Sheriff’s office enhances digital forensics


By Cody Willoughby - cwilloughby@aimmediamidwest.com



Cody Willoughby | Troy Daily News Det. Todd Cooper of the Miami County Sheriff’s Office engages with specialized digital forensics equipment, following a four-week course at the National Computer Forensics Institute, on Tuesday in Troy.

Cody Willoughby | Troy Daily News Det. Todd Cooper of the Miami County Sheriff’s Office engages with specialized digital forensics equipment, following a four-week course at the National Computer Forensics Institute, on Tuesday in Troy.


MIAMI COUNTY — Law enforcement in the northern Miami Valley has just been given huge advancements in the field of digital forensics.

Det. Todd Cooper of the Miami County Sheriff’s Office was recently chosen as a candidate for an elite mobile device examiner course, held at the National Computer Forensics Institute in Hoover, Alabama, located 12 miles south of Birmingham.

“It’s a selection process that you put in for, and I was selected finally,” Cooper said, who received confirmation of his selection in November 2017. “The Secret Service were really the ones that made this possible. We partnered with the Secret Service out of Dayton. They sponsored me and sent me, and that’s who paid for the training and equipment.”

Along with 24 others from across the country, Cooper attended a four-week course at the institute, which offered different levels of hands-on training with different categorizations week to week.

“We started out with a slate of computer forensics, and then we built up through cell phones, which is the main concentration,” Cooper said. “We started out using the CelleBrite system to download cell phones, where you can actually take them apart under the magnifier. In week two, we were trained with Axiom magnets.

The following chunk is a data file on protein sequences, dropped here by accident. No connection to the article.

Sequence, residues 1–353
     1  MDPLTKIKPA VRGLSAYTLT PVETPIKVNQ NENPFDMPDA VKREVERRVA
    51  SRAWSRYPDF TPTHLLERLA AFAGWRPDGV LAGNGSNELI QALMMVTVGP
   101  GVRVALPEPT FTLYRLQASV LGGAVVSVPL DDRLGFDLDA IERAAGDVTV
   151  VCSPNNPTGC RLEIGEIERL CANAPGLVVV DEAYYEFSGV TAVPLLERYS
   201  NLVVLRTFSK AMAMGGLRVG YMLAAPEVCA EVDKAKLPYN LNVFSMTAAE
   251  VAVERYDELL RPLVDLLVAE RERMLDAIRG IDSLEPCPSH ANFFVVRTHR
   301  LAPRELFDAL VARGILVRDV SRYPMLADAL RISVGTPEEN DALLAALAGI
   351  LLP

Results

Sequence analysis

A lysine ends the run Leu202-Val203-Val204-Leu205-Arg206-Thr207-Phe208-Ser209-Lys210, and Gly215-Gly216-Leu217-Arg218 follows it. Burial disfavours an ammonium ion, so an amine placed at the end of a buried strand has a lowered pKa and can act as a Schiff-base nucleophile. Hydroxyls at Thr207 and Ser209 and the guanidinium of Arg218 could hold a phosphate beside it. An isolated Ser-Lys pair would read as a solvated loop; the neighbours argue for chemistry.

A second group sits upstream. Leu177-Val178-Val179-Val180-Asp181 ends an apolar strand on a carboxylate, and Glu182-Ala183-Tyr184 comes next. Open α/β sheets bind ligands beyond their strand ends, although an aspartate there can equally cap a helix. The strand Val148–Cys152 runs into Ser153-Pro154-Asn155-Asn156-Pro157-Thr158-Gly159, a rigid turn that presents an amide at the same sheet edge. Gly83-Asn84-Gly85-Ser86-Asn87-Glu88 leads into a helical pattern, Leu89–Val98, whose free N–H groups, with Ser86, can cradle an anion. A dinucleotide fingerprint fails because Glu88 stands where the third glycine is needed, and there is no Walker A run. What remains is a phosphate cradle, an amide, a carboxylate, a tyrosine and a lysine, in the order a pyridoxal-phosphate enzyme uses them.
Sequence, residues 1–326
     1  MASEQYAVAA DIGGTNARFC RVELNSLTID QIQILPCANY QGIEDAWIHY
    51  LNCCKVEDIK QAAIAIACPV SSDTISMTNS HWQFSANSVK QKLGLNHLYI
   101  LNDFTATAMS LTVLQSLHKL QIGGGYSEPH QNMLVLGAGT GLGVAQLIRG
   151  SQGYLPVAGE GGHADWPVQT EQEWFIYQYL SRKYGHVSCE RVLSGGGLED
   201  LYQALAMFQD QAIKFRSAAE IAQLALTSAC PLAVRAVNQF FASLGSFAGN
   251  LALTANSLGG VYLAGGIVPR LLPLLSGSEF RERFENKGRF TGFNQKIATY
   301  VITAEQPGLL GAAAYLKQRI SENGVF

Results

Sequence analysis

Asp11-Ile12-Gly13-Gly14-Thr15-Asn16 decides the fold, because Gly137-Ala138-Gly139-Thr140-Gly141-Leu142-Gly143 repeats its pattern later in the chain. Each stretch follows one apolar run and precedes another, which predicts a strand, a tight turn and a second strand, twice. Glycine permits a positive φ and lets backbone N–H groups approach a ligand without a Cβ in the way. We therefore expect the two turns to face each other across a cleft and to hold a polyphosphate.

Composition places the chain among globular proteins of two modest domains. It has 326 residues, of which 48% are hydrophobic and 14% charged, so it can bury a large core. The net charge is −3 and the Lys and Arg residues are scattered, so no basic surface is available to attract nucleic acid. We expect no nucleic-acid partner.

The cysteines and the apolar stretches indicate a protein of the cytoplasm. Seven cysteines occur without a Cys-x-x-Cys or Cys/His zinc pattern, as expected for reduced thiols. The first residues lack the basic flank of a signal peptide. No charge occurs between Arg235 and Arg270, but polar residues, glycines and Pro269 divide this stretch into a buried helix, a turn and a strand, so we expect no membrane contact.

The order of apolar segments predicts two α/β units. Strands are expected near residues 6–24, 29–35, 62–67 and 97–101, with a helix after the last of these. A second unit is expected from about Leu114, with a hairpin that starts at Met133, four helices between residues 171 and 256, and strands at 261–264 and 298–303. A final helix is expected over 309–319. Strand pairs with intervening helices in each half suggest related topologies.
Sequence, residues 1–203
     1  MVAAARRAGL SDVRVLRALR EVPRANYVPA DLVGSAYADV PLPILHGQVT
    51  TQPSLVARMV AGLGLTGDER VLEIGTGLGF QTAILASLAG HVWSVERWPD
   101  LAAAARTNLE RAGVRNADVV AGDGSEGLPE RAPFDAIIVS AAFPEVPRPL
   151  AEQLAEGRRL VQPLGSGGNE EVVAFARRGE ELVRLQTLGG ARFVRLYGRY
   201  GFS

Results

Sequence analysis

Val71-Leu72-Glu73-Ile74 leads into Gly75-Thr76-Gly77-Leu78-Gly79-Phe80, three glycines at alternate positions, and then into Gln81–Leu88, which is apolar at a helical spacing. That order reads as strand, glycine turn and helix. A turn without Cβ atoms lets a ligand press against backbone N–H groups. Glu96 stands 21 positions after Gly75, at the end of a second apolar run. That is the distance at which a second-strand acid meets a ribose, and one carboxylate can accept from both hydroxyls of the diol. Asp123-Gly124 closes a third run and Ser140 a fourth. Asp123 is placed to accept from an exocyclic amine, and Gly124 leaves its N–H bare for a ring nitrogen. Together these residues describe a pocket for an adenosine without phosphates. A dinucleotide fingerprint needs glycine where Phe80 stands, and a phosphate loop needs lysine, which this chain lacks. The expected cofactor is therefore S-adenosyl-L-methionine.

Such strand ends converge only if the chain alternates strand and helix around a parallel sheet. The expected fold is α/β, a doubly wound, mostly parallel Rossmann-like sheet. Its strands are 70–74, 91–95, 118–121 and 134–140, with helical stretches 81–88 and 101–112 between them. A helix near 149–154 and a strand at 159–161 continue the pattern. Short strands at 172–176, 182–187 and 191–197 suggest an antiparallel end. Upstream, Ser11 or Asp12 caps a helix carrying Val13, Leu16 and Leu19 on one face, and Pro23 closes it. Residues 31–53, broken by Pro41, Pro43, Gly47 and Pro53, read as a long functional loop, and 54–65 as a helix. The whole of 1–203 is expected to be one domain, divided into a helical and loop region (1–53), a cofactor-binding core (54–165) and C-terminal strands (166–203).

“Week three and four was when we got into soldering. We studied what they call JTAG forensics, and ISP (in-system processing).”

The equipment provided to the Miami County Sheriff’s Office allows Cooper to connect with and extract data from the boards of cellular phones involved in cases.

“They taught us how to solder these small parts within devices,” Cooper explained. “That’s what the microscope in our equipment is for, because some of the parts are so tiny. Through this process, you can actually bypass items that are deleted or password-protected.

“There’s not one process that can do everything. It’s not uncommon to use more than one system to get stuff.”

Cooper insists that the digital forensics training, along with the equipment provided by the Secret Service, will be invaluable to combating crime in the northern Miami Valley.

“The benefits will be endless,” Cooper said. “Cell phones are now our laptops. Everybody does everything on them. This equipment could be used for anything from a fraud case to child pornography.

“We’re going to have the capability to get into phones ourselves instead of having to send them off. When you send things off, you’re waiting in line. We’re going to be able to do a lot of things in-house now, and turnaround will be quicker. I might be able to do something in hours that might take somebody else a couple of days. We’ve never had that capability before.”

Cooper also said that these resources allow extra connectivity with departments outside the county.

“We’ll be able to assist the Secret Service, if they called, just as we could assist any local agencies,” Cooper said. “The federal and the local have a great partnership, and I want to stress that this wouldn’t have been possible without the Secret Service. It didn’t cost us anything. We didn’t spend a dime.”

For more information, visit www.miamicountysheriff.org.

Cody Willoughby | Troy Daily News Det. Todd Cooper of the Miami County Sheriff’s Office engages with specialized digital forensics equipment, following a four-week course at the National Computer Forensics Institute, on Tuesday in Troy.
http://www.dailycall.com/wp-content/uploads/sites/30/2018/03/web1_Cooper1.jpgCody Willoughby | Troy Daily News Det. Todd Cooper of the Miami County Sheriff’s Office engages with specialized digital forensics equipment, following a four-week course at the National Computer Forensics Institute, on Tuesday in Troy.

By Cody Willoughby

cwilloughby@aimmediamidwest.com

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